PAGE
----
Waldman has tips:
What town hall debates offer that other debates don't is a picture of the candidates among voters. If you connect well with those voters, it can be extremely persuasive, but if you fail at establishing that connection, it can be disastrous. Nothing illustrates this better than a moment I've mentioned before, the infamous "national debt" question from 1992. It not only provided a vivid contrast between George H.W. Bush and Bill Clinton, it also demonstrated as well as any moment has the added complexities of the town hall debate. Bush not only made the mistake of taking the woman's question (about how the national debt has personally affected the candidates) literally, he got defensive ("Are you suggesting that if somebody has means, that the national debt doesn't affect them?"), made a ham-handed attempt to tell a personal story ("I was in the Lomax AME church…"), and generally looked like he couldn't wait to move on. Clinton, on the other hand, got as close to the questioner as he could, locked eyes with her, and showed her how he felt her pain.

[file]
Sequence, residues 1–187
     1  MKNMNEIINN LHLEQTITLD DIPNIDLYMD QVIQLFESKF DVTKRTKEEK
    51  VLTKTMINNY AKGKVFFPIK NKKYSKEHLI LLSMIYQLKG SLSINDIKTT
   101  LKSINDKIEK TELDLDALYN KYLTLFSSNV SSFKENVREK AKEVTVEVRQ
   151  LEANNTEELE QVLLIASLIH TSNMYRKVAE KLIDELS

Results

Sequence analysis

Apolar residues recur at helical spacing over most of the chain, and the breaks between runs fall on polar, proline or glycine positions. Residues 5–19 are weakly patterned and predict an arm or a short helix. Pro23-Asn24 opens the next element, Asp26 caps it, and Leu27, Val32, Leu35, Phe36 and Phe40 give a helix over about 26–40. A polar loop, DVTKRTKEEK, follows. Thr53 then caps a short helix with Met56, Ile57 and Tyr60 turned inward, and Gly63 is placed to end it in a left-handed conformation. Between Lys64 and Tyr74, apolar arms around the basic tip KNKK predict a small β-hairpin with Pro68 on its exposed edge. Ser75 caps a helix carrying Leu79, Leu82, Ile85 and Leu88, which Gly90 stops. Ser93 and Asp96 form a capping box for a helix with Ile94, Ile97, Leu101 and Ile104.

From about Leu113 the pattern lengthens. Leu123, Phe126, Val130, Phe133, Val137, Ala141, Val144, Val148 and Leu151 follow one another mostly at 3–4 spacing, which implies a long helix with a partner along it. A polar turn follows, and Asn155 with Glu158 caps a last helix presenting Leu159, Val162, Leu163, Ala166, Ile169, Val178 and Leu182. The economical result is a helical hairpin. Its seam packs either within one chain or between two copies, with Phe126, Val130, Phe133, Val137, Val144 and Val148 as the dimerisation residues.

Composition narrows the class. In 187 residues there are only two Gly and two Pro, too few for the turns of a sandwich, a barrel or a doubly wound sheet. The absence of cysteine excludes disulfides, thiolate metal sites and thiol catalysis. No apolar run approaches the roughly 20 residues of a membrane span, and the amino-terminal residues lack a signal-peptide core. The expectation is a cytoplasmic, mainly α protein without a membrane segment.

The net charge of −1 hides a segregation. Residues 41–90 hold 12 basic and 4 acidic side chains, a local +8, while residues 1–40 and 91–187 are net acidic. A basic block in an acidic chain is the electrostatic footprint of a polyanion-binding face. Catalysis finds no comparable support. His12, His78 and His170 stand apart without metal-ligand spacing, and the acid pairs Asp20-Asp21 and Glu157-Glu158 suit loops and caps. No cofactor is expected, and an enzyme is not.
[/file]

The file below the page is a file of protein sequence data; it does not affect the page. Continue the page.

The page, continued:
Serwer sees dangers for Obama:
[T]own hall debates aren't so much arguments as acting competitions. The nature of the town hall format carries substantial risk for a rusty incumbent president and a candidate with something to prove. Obama is both. Romney, by practicing his Clinton impression, may be better prepared this time around, too.